5 F3d 93 Drew v. A Collins

5 F.3d 93

Robert Nelson DREW, Petitioner-Appellant,
James A. COLLINS, Director, Texas Department of Criminal
Justice, Institutional Division, Respondent-Appellee.

No. 93-2747.

United States Court of Appeals,
Fifth Circuit.

Oct. 11, 1993.

Greg Gladden, Houston, TX, Ronald L. Kuby, William M. Kunstler, New York City, for petitioner-appellant.

Dan Morales, Atty. Gen., Robert S. Walt, Stephani A. Stelmach, Asst. Attys. Gen., Austin, TX, for respondent-appellee.

On Application for a Certificate of Probable Cause and Stay of Execution.

Before KING, HIGGINBOTHAM and SMITH, Circuit Judges.


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Robert Nelson Drew (Drew), currently confined on death row in the Texas Department of Criminal Justice, Institutional Division, instituted his second federal habeas corpus petition in the United States District Court for the Southern District of Texas on October 4, 1993, pursuant to 28 U.S.C. Sec. 2254. He requested that the district court stay his execution, order an evidentiary hearing, and issue a writ of habeas corpus vacating his death sentence. He is scheduled for execution on October 14, 1993. On October 7, 1993, the district court denied Drew all relief and denied Drew a certificate of probable cause (CPC). Drew appeals to this court for a CPC and for a stay of execution. Because we find that there has been no substantial showing of the denial of a federal right, we deny his application for a CPC. Furthermore, because Drew does not demonstrate substantial grounds upon which relief might be granted, we deny his motion for a stay of execution.



Because the background facts of this case are set out in full in our earlier opinion, Drew v. Collins, 964 F.2d 411, 413-15 (5th Cir.1992), cert. denied, --- U.S. ----, 113 S.Ct. 3044, 125 L.Ed.2d 730 (1993), only a brief recitation of the pertinent facts will be presented here. On December 3, 1983, Drew was convicted in Texas state court of capital murder and received a death sentence. His conviction and sentence were affirmed by the Texas Court of Criminal Appeals on September 30, 1987. Drew v. State, 743 S.W.2d 207 (Tex.Crim.App.1987).


The state trial court originally set Drew's execution date for May 4, 1988, but postponed the execution until June 16, 1988, by order dated April 28, 1988. It should be noted that the April 28 execution order was signed by the state trial judge with a drawing of a smiling face by his signature. Drew also filed his first habeas petition in state court on April 28, 1988, and in response to the State's answer he filed an amended petition on June 8, 1988. Drew made no complaint in either petition regarding the drawing of the smiling face on the execution order. The state trial court recommended denial of the writ, and the Court of Criminal Appeals adopted the trial court's recommendation. On the same day the Court of Criminal Appeals denied his petition, Drew filed a notice for stay of execution and a habeas petition in federal district court. The district court granted the stay of execution and subsequently denied habeas relief on February 20, 1991. The district court granted Drew a CPC on July 31, 1991. On June 18, 1992, a panel of this court affirmed the district court's denial of relief. Drew, 964 F.2d at 423. The Supreme Court denied Drew's petition for writ of certiorari on June 28, 1993.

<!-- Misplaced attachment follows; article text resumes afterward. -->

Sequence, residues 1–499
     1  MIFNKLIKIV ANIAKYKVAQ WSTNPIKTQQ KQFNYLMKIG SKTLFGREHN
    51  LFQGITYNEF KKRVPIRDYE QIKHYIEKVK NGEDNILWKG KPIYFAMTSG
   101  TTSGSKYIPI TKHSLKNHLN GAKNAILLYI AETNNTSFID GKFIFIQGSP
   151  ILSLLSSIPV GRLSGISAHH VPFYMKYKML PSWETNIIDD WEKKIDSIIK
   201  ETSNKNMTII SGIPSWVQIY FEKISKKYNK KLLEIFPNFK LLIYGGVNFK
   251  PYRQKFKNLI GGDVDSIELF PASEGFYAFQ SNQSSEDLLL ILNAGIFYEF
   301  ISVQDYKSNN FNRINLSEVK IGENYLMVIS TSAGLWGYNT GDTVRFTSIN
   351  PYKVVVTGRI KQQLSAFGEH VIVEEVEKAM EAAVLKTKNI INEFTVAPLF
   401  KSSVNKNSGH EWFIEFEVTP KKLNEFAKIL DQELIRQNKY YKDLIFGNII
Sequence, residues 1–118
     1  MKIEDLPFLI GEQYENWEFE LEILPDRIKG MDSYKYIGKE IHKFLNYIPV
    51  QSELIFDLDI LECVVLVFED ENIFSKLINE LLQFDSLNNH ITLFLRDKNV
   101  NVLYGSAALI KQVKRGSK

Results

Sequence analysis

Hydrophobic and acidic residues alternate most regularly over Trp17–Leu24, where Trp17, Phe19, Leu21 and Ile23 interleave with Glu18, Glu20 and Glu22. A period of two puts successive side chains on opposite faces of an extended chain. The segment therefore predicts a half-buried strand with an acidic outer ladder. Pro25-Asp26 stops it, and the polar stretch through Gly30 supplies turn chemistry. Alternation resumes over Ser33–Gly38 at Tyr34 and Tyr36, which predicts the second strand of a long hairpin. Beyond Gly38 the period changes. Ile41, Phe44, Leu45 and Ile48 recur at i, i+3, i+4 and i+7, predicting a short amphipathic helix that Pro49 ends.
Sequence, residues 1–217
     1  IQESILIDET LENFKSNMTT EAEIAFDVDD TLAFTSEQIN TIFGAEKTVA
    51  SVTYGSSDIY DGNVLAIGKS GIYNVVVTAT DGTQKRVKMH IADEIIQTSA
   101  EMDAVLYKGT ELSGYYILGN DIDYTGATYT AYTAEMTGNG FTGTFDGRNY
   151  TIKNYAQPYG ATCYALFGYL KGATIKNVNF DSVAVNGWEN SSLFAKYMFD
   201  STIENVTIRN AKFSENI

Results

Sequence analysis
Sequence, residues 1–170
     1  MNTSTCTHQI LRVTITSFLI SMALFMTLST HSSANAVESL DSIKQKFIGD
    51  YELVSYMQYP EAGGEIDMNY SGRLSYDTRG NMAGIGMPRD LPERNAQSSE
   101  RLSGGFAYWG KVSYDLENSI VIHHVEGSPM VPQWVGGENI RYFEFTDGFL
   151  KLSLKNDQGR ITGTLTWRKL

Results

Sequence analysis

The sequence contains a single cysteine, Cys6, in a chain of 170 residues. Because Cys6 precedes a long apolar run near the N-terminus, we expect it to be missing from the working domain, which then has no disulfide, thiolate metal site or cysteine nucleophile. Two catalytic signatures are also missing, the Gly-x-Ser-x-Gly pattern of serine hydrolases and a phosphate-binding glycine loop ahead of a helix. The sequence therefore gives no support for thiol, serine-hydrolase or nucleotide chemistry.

On June 15, 1993, the same state trial court that had set Drew's original execution date set Drew's execution date for October 14, 1993. The state judge who set the execution date did so by letter and order, again signing each with a drawing of a smiling face next to his signature. Drew then filed a second application for habeas corpus and request for stay of execution in state court, alleging that the drawing violated his First and Eighth Amendment rights. The Texas Court of Criminal Appeals denied the application for habeas relief by written order on September 30, 1993. Drew then filed his petition for habeas relief in federal district court. The State responded to the petition and moved to dismiss for abuse of the writ.


On October 7, 1993, the district judge denied Drew's request for relief and refused to issue a CPC. The judge granted the State's motion to dismiss for abuse of the writ because the state trial judge had used the same smiling face symbol after his signature on the 1988 execution order as that used on the instant execution order. Thus, "the same claim was available to Petitioner to raise in his first habeas application after the judge signed his initial execution order." The district court also refused to grant Drew's request for a stay of execution because it found no substantial ground for relief in this second habeas petition.



We will grant a CPC to appeal only if the applicant can make a substantial showing of the denial of a federal right. Barefoot v. Estelle, 463 U.S. 880, 893, 103 S.Ct. 3383, 3394, 77 L.Ed.2d 1090 (1983). This standard does not require petitioner to show that he would prevail on the merits, but does require him to show the issues presented are debatable among jurists of reason. Id. at 893 n. 4, 103 S.Ct. at 3395 n. 4. If the district judge denies the CPC, as in the instant case, we will review the probable cause determination using the same "substantial showing of the denial of a federal right" test. See Buxton v. Collins, 925 F.2d 816, 817, 819 (5th Cir.), cert. denied, 498 U.S. 1128, 111 S.Ct. 1095, 112 L.Ed.2d 1197 (1991); Celestine v. Butler, 823 F.2d 74, 76, 77 (5th Cir.), cert. denied, 483 U.S. 1036, 108 S.Ct. 6, 97 L.Ed.2d 796 (1987). Essentially the same test applies to an application for stay of execution. Delo v. Stokes, 495 U.S. 320, 321, 110 S.Ct. 1880, 1881, 109 L.Ed.2d 325 (1990) ("A stay of execution pending disposition of a second or successive federal habeas petition should be granted only when there are 'substantial grounds upon which relief might be granted.' " (quoting Barefoot, 463 U.S. at 895, 103 S.Ct. at 3395)). The basic question posed in this case is whether this second federal petition was properly dismissed as an abuse of the writ.